One of the main factors to assess the possible habitability of a rocky planet (either in or beyond our solar system) is its capability to maintain an atmosphere that allows for moderate temperatures at the surface and would allow water to occur in a liquid form, and that can help shield surface life from harmful radiation.
The existence of an atmosphere depends on several factors - possible accretion from the nebula and catastrophic degassing from the crystallizing magma ocean during planet formation, later delivery of volatiles via comets, sinks of atmosphere gases to the surface or to space, and last, but definitely not least, volcanic release of volatiles from the mantle that where stored in the planet's interior during its formation stage.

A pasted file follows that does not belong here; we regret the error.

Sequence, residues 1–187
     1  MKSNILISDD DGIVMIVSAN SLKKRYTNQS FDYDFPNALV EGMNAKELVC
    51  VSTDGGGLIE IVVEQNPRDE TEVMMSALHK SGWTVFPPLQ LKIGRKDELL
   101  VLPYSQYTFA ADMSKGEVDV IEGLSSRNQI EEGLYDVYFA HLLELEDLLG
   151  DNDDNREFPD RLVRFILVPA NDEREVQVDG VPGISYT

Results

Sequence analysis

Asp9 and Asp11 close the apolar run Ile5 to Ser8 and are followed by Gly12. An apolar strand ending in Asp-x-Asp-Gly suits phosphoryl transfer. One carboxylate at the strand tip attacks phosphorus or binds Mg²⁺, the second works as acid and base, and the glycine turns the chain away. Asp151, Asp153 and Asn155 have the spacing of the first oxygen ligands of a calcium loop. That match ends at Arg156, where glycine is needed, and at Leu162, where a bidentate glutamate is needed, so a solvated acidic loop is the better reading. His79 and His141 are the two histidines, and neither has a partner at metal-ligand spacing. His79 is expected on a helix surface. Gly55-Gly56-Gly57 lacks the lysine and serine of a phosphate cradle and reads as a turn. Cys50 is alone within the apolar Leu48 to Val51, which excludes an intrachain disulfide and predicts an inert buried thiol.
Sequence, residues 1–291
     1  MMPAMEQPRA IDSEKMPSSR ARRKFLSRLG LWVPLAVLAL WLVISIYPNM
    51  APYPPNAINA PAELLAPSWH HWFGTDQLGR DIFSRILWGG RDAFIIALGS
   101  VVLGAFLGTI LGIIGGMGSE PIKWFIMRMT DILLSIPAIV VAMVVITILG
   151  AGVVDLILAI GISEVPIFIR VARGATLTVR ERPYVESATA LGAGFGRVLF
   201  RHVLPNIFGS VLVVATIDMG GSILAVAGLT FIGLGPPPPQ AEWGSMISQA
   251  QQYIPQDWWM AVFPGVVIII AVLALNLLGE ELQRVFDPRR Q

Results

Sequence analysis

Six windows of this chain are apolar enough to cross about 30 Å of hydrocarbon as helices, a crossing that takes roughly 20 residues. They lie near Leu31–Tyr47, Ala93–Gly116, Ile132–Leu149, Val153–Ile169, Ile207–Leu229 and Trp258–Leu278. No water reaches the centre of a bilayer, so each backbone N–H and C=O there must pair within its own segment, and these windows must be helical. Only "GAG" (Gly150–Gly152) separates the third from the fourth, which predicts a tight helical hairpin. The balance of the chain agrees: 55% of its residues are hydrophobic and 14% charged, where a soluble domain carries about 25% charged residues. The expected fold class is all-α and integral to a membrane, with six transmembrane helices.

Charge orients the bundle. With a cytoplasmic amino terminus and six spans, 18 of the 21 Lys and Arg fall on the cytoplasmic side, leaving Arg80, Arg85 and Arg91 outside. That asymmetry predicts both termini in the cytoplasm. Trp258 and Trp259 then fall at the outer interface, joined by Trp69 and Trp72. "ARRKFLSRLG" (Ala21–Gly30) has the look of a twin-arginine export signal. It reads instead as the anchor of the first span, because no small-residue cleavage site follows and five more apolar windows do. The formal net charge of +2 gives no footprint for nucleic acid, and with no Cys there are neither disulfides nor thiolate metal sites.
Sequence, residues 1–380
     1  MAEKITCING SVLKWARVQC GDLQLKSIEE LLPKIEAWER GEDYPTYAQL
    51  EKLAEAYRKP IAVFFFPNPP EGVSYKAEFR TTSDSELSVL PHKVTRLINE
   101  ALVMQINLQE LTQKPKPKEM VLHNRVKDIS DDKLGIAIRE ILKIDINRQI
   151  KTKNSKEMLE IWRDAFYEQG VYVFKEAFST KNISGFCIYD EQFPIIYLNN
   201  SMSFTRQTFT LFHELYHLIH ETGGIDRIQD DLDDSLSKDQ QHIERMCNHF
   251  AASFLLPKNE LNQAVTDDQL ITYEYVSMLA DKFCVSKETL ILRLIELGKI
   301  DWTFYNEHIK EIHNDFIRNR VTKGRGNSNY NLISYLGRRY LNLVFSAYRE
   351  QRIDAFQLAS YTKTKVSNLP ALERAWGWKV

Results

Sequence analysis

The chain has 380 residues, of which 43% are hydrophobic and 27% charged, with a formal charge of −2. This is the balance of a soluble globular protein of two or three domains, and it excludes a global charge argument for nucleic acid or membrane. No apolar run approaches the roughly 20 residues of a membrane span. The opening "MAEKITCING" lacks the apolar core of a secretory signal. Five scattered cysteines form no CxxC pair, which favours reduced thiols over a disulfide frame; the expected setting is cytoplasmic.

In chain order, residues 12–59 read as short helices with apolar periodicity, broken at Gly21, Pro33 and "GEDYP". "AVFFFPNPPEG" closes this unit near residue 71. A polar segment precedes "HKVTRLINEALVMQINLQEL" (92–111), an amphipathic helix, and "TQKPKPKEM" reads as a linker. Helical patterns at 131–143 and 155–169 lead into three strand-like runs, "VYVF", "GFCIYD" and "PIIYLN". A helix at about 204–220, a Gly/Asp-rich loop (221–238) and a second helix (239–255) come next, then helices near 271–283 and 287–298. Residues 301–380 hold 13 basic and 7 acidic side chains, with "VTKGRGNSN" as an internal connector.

For planets of masses not too different from Earth, volcanic degassing plays a major role for the question if the planet could have an atmosphere. Lower-mass planets might not be able to keep an atmosphere but loose it entirely to space, and much more massive super-Earth planets will likely keep the primordial, catastrophically outgassed atmosphere during magma ocean crystallization, and may never be habitable at their surface due to a thick atmosphere rather comparable to Venus. The "Goldilocks zone" for potentially habitable rocky planets is therefore limited to a range from above Mars' mass to a few Earth masses. However, planets of a few Earth masses may not be able to efficiently outgas volcanic gases, if they are in a stagnant-lid regime. This may be different, though, for planets experiencing plate tectonics like Earth, where hot, molten material reaches the surface at plate boundaries and may therefore build up or replenish an atmosphere. The work presented here compares the efficiency of interior volatile depletion and degassing to the surface for rocky planets of different size and composition, either in the stagnant-lid or in the plate-tectonics regime.